As well as visiting so many food stalls and shops, we also stopped for sit-down tastings at a couple of local restaurants. We had some fresh guacamole and nachos at Mexican restaurant, Corazon De Maiz (considered by those in the know as one of the best eateries in the city), a fresh-out-of-the-tandoor hot-buttered naan at Shafali Indian (which we were able to watch being made), one of the best Naples-style pizzas I’ve had for a while at The Grand Pizzeria (where the pizza maker put on quite a show for us as he stretched the dough) and a amuse-bouche style taster of one of the sharing dishes at Play Food & Wine.

Byward Market is such a compact area – with hundreds of stalls, shops, cafes and restaurants – that you could certainly explore it on your own. However, we found the tour a really enjoyable way of getting a feel for the area, and then went on to explore it further on our own afterwards. C’est Bon offer several walking food tours in Ottawa including two in Byward Market, as there’s just so much to cover in this neighbourhood. We took the Byward Market Courtyards tour which covers the West side of the area; the other one is called the Lowertown tour and focuses on Dalhousie and Murray Streets.

Brew Donkey Black Tomato - Ottawa 2016

I mentioned right at the start that Ottawa is a great destination for food and drink lovers, and you may be wondering where the drink part of that is.

Although we weren’t in town on the right day to take one of Brew Donkey’s guided and chauffeured brewery tours, we were able to meet up with founder Brad Campeau who told us all about the booming beer scene in Ottawa. Within an hour of Ottawa city centre you can find nearly twenty craft breweries, many of whom have launched only within the last few years. There are a couple of micro-breweries right in the heart of town too, and several bars and restaurants that stock a great range of local beers. We met at Black Tomato, one such restaurant, and enjoyed a delicious dinner and some great beers.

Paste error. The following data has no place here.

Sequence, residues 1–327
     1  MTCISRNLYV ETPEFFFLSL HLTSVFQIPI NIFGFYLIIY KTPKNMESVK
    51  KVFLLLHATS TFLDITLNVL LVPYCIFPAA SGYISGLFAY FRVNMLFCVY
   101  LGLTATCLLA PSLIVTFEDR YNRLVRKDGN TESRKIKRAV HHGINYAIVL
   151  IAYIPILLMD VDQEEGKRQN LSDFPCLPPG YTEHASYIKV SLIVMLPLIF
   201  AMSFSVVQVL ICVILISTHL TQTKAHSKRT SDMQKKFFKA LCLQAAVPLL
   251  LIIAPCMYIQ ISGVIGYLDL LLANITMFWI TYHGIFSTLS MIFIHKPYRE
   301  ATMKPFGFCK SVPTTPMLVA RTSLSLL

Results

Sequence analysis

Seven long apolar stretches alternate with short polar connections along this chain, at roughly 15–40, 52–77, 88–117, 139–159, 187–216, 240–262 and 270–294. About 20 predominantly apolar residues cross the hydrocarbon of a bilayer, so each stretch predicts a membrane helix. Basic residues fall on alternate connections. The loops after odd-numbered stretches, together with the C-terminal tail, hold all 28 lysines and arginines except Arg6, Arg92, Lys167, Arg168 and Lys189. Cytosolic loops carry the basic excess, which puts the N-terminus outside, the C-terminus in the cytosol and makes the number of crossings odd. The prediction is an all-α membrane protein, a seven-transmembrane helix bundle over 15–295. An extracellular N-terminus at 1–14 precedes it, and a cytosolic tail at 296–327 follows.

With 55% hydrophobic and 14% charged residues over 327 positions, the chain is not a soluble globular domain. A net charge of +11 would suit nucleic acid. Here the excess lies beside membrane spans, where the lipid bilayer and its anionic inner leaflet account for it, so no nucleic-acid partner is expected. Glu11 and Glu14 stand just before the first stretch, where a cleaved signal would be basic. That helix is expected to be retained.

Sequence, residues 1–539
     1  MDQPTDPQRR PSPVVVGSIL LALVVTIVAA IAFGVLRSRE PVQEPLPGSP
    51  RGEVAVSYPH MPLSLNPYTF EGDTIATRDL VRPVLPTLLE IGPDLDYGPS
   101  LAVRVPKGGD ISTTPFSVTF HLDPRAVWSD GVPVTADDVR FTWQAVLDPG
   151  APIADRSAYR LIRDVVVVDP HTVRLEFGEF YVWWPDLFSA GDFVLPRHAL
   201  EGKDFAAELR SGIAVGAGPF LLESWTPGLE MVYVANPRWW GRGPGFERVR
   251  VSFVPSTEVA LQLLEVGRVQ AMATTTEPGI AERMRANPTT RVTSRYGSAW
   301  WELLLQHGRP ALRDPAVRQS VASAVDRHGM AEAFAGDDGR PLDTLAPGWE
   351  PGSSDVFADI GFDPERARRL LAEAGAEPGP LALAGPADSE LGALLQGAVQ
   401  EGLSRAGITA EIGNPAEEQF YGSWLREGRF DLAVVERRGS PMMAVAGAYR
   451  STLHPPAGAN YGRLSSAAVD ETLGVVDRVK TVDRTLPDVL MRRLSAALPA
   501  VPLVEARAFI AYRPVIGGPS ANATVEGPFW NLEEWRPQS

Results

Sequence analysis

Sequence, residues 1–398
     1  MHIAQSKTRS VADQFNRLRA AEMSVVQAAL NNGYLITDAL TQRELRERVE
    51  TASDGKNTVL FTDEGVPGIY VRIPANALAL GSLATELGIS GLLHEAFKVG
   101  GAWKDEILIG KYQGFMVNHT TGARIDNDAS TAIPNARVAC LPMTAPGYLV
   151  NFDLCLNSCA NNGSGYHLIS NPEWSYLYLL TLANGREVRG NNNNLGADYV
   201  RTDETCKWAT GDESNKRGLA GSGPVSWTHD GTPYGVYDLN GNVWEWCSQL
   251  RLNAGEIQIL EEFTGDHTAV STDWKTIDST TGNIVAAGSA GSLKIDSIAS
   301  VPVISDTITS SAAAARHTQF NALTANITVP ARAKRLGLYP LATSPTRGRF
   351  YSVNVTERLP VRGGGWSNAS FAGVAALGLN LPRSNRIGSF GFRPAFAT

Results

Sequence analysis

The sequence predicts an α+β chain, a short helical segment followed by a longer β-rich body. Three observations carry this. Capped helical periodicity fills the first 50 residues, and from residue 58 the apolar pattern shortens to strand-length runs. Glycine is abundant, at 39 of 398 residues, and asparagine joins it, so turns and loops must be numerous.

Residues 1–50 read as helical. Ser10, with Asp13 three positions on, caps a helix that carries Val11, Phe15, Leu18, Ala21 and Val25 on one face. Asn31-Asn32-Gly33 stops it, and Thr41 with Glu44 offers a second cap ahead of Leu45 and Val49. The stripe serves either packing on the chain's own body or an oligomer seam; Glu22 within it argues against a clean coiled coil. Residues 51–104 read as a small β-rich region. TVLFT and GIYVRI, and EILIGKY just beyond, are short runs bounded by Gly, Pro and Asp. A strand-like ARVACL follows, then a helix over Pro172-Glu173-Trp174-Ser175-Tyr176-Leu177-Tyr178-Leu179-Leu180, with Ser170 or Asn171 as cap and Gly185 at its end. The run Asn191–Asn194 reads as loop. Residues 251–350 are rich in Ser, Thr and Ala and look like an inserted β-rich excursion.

If you plan in advance, you may also be able to coincide your visit with one of the beer markets or festivals run regularly in the city; a great way of meeting many of the brewers in one place, and sampling the range of their beers.

Beaver Tails - Ottawa 2016

One Ottawa institution I was very keen to visit was Beaver Tails, one of Canada’s most famous pastries, yet only harking back to 1978. It started out as a family-run food concession at a craft and community fair in Killaloe, Ontario before taking its first permanent home in Ottawa’s Byward Market. It’s now an international business with stores across Canada as well as franchises in America, Japan and South Korea.

Chloe Gervais, manager of the Byward Market store, was kind enough to let Pete and I have a go at making our own beaver tails, after showing us how it’s done.

Making Beaver Tails Wide Collage - Ottawa 2016
Click on the image to view a larger version

These days the whole wheat cracked wheat dough is made in a a central production centre and sent out daily to each store. Each piece is stretched out into the elongated shape of a beaver’s tail, before being slipped gently into the hot oil and turned over a few times as it deep fries. Once it comes out of the oil and has drained for a few seconds, it is painted with melted butter and generously topped with the customer’s chosen flavours – cinnamon sugar, maple butter, chocolate hazelnut spread, fresh sliced bananas, peanut butter and even a savoury option of garlic butter and cheese.

Pete did a great job, and made a delicious maple butter beaver tail which he enjoyed hot and fresh. I had mine with hazelnut chocolate spread with fresh bananas. Delicious!

Beaver Tails really come into their own during the very cold Ottawa winters when the Rideau Canal freezes over. The period is celebrated during the Ottawa Winterlude festival, with ice sculptures and special events. A long stretch within the heart of the city becomes the second largest skating rink in the world at nearly 5 miles long. Beaver Tail set up stands along the length of the frozen canal, and sell lots of hot, freshly fried treats to the many skaters braving the cold weather. An hour of ice skating sounds like a great way to burn off enough calories to indulge in lots of these deep fried treats!

Sash Gelato Collage - Ottawa 2016